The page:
Not that you need to be told by now, but this post has spoilers. If you haven't watched Ep. 4, go away. Now.
R.I.P. Prop Joe. It was a good long run. A great character that the writers on the series were able to shade in exceptional ways. But you should have seen this coming. Marlo was using Prop Joe and Marlo only lives to get what he thinks is his. You know, the crown and all. I'd have to say the killing of Butchie was more of a surprise. Once the Greeks had essentially said that insurance was a good thing, Marlo had already used up the wisdom that Prop Joe dealt out. How to launder money. How to open an offshore account. How to get a passport and check on your money. How to find a shady lawyer to do something with it. In the end, Prop Joe - like Butchie before him - was sold out by Cheese. Prop Joe didn't want to believe that kin would sell him out, but Cheese is all about the cheese, period.
I love that these episodes are, as usual, packed with layers and meaning. Just a quick addressing of the notion, raised in comments, that this season feels rushed because there's only 10 episodes (previous season have been 12 or 13, depending). Part of that is true. But all series that are fortunate enough to know when they're going to end - a real rarity in the industry - by circumstance need to have a quicker pace if they are going to tie up storylines from past seasons. In the case of "The Wire," that's four seasons. Not insurmountable, but plenty. And let's remember that David Simon is a much different storyteller than David Chase. "The Sopranos" was never going to wrap up loose ends because Chase has almost zero interest in doing that. He believed that they were all one hour movies, not necessarily related to any episode prior. I'm not sure he always stayed true to that, but certainly with "The Sopranos" now infamous ending, he stuck to his guns when it mattered most. It appears that Simon wants to go for closure where possible, to wrap up some character evolution, and so if the season seems to be moving quickly, well, that's because it is. I find no fault in that. A storyteller who wants to reward his faithful viewers with conclusions should be cut a little slack if he needs to achieve that by ramping up the speed.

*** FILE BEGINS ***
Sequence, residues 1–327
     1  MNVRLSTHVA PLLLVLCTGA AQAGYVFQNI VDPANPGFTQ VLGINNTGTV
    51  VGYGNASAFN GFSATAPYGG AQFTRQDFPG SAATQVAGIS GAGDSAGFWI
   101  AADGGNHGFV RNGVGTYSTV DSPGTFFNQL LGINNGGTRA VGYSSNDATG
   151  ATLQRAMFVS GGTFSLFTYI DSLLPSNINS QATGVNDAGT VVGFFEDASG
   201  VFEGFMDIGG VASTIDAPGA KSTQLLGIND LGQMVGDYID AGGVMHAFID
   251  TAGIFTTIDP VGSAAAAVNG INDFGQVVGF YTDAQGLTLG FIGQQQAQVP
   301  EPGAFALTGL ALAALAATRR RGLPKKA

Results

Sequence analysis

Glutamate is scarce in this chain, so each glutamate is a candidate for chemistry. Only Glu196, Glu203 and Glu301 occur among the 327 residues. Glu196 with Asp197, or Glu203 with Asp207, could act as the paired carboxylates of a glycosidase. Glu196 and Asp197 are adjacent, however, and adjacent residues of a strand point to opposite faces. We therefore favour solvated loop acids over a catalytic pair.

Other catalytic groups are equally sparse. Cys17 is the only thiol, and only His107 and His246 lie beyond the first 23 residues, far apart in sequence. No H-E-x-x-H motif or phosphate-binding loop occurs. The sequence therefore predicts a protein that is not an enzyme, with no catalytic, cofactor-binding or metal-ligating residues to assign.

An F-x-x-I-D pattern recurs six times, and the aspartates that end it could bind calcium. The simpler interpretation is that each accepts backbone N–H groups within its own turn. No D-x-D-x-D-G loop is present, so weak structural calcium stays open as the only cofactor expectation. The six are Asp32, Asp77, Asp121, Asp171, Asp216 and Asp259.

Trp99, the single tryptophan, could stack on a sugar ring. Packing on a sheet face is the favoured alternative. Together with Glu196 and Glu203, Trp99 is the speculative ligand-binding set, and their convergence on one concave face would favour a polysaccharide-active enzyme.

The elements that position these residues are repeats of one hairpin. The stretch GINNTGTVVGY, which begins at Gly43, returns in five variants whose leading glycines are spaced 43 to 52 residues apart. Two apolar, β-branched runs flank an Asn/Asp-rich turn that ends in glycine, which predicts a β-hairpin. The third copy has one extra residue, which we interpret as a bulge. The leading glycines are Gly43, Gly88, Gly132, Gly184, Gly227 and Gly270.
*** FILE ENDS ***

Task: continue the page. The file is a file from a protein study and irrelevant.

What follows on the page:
Also, as an aside, I know that it has become some kind of predictable sport to start nitpicking Simon and Season 5, but as I've said before it will take the conclusion of all 10 episodes to do a real post-mortem. And beyond that, whatever happened to giving a guy credit for what he's done in the past. I'm passing no judgment on Season 5 until the appropriate time, but I do know this: Simon dropped four incredibly brilliant seasons into the bin of TV history and he deserves some props for that.
Ah, Prop Joe. How about that last scene?
“My nephew? Boy was always a disappointment…But I treated you like a son,”
he says to Marlo, who has crept in courtesy of Cheese. “I wasn’t made to play the son,” Marlo said, driving home two truisms of "The Wire" - people rarely change (Marlo was gonna get Joe no matter how kindly or paternal Joe was) and no good deed goes unpunished.
“A proposition for you, then. I’ll just step away…” Joe says, deftly played more than a few steps shy of begging for his life, which was a wonderful way to write it . “Joe, you’d be up in the mischief in no time,” Marlo says, with more than an ounce of truth. And then - those cold as steel eyes. That unfeeling killer on display. “Close your eyes. It won’t hurt none,” Marlo, says.
Now, we have other aspects in play here as well. Let's see, where to start....Scottie? No. McNulty and Freamon finding another dead body to frame - this time with bite marks. Nope. Carver learning a hard lesson from Randy's mishandling by Herc's incompetence. "It matters," Carver said. "It all matters." Uh, not that either. What other strand deserves notice after burying Prop Joe's character?